Home | Movies By Year | Movies from 1895

Incident at Clovelly Cottage

Buy Incident at Clovelly Cottage now from Amazon

First, read the Wikipedia article. Then, scroll down to see what other TopShelfReviews readers thought about the movie. And once you've experienced the movie, tell everyone what you thought about it.

Wikipedia article

'Incident at Clovelly Cottage', also known as 'Incident Outside Clovelly Cottage, Barnet', shot by Birt Acres and produced by Acres and his collaborator Robert W. Paul in March 1895, was the "first successful motion picture film made in Britain".


In 1894, Robert Paul was asked to make a copy of Thomas Edison's Kinetoscope device, in which motion pictures were viewed by one person at a time through a peephole.Barnes, John. (1998) 'The Beginnings of the Cinema in England 18941901. Volume One: 18941896'. Revised and enlarged edition. Exeter: University of Exeter Press. pp. 2123. He initially refused, but after he discovered that the machine had not been patented in Europe, he purchased one of the devices and set about manufacturing a replica which he sold in Britain and France."We should be celebrating", David Robinson, 'The Times', 30 March 1995, p. 34.Benyahia, Sarah Casey, Freddie Gaffney & John White. (2009) 'A2 Film Studies: The Essential Introduction'. 2nd edition. Routledge. p. 296.

The only films available to show on Paul's Kinetoscope replicas, however, were those made by Edison who restricted distribution to his own customers. Paul was therefore obliged to make his own films and to produce a camera on which to shoot them. The result was the Paul-Acres Camera, developed jointly by Paul and Acres using ideas from both. It was the first motion picture camera made in Britain and took pictures on 35mm film[https://www.sheffield.ac.uk/nfca/collections/birtacres Birt Acres Collection.] National Fairground and Circus Archive, University of Sheffield. Retrieved 17 June 2017. at a rate of 40 per second, the same as Edison's Kinetoscope, and the same gauge film as used in modern cinema films.


In February 1895 Paul and Acres made a short film known as 'Cricketer Jumping Over Garden Gate', featuring their mutual friend, and Acres' assistant, Henry Short in cricket whites performing that act.[http://www.victorian-cinema.net/short Henry William ('Harry') Short.] Stephen Herbert, 'Who's Who of Victorian Cinema'. Retrieved 17 June 2017. It was not shown commercially and is described by John Barnes as a "trial film"Barnes, p. 230. and by the British Film Institute as an untitled "test film".[http://www.screenonline.org.uk/people/id/449777/ Acres, Birt (18541918).] Luke McKernan, BFI. Retrieved 18 June 2017. It is notable for the relatively crude perforation of the sprocket holes which differ from the even perforation of 'Incident at Clovelly Cottage' by which time Paul had refined his technique sufficiently to send a clip to Edison seeking an exchange of films produced to the same standard. Edison refused. It is held by the Cinmatheque Franaise in the Will Day Collection, CNC.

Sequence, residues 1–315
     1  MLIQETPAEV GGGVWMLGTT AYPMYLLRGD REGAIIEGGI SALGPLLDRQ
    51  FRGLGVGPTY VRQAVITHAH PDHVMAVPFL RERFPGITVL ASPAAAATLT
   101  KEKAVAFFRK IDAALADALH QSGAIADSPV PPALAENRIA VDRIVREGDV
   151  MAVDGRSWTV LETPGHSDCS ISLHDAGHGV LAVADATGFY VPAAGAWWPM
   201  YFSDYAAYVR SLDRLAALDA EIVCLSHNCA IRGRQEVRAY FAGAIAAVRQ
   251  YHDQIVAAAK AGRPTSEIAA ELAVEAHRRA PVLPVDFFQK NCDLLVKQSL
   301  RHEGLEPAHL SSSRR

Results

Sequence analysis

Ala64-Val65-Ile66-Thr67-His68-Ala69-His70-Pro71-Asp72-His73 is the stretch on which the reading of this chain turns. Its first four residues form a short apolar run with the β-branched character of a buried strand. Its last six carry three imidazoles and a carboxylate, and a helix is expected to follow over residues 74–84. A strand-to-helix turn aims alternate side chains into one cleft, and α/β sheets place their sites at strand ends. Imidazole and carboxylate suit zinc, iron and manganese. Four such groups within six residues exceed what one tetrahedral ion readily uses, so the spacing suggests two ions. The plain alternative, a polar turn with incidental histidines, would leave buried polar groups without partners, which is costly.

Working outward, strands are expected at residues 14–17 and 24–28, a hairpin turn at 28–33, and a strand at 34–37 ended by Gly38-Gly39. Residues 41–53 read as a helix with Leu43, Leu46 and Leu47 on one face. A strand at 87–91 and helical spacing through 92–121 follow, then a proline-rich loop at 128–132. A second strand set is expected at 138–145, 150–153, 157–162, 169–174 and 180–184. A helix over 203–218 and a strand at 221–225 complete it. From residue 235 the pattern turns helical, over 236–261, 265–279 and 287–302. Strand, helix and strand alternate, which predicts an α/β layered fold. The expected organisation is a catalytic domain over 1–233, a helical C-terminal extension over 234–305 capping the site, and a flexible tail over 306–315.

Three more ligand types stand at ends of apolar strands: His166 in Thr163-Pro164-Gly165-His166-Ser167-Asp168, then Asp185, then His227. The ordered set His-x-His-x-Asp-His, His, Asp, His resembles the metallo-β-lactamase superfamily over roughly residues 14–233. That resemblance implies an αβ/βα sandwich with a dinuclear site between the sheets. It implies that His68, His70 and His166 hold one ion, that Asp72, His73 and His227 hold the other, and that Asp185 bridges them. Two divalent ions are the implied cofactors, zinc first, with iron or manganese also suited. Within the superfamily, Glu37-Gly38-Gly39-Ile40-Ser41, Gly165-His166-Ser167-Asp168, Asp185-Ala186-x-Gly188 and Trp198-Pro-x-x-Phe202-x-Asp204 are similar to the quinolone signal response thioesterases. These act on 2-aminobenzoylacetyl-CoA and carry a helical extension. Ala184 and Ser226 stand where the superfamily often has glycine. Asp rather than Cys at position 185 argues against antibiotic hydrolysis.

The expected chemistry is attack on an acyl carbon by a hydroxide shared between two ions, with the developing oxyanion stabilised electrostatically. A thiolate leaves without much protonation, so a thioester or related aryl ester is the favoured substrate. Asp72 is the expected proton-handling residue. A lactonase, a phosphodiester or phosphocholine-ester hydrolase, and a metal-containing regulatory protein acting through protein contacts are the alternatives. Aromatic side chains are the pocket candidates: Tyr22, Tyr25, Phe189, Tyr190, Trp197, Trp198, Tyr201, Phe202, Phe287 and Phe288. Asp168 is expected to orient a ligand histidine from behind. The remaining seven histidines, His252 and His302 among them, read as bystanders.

The film

'Incident at Clovelly Cottage' was shot by Acres[http://www.bfi.org.uk/films-tv-people/531a55774fc77 Incident at Clovelly Cottage (1895).] British Film Institute. Retrieved 11 June 2017. on the Paul-Acres Camera and produced by Acres and Paul in March 1895. It has been described as the "first British film" and the "first successful motion picture film made in Britain."[https://www.scienceandsociety.co.uk/results.asp?image=10296758 Frames from 'Incident at Clovelly Cottage', 1895.] Science & Society Picture Library. Retrieved 11 June 2017.

The plot is unknown as the film is lost with only a few frames surviving, but from the surviving material we know it featured a woman with a pram, thought to be Acres' wife with their infant son, and a man in white who was identified by Acres as Henry Short.Barnes, p. 26. It was filmed outside Acres' home of Clovelly Cottage, 19 Park Road, Chipping Barnet in England. The house still exists and once had a commemorative plaque but that has since been removed.[http://barnetsociety.org.uk/component/k2/a-barnet-business-start-up-that-changed-the-world A Barnet business start up that changed the world.] Robin Bishop, The Barnet Society, 20 November 2015. Retrieved 11 June 2017.

Contemporary positive frames from the film are in the Kodak Collection in Bradford and the Barnes Collection, St Ives, Cornwall. An additional contemporary sample, sent by Paul to Thomas Edison in March 1895, is in the archives of the Thomas Edison National Historical Park in the United States.

Later developments

Acres and Paul's next film was 'The Oxford and Cambridge University Boat Race', completed on 30 March 1895. This and other films were shown on Kinetoscopes that Paul set up at Imre Kiralfy's Empire of India Exhibition at Earls Court. Films were not projected onto screens for a mass audience, however, until early 1896 when Paul and Acres separately demonstrated projectors after their partnership ended in acrimony the previous year.


Buy Incident at Clovelly Cottage now from Amazon

<-- Return to movies from 1895

This work is released under CC-BY-SA. Some or all of this content attributed to http://en.wikipedia.org/w/index.php?oldid=1095308686.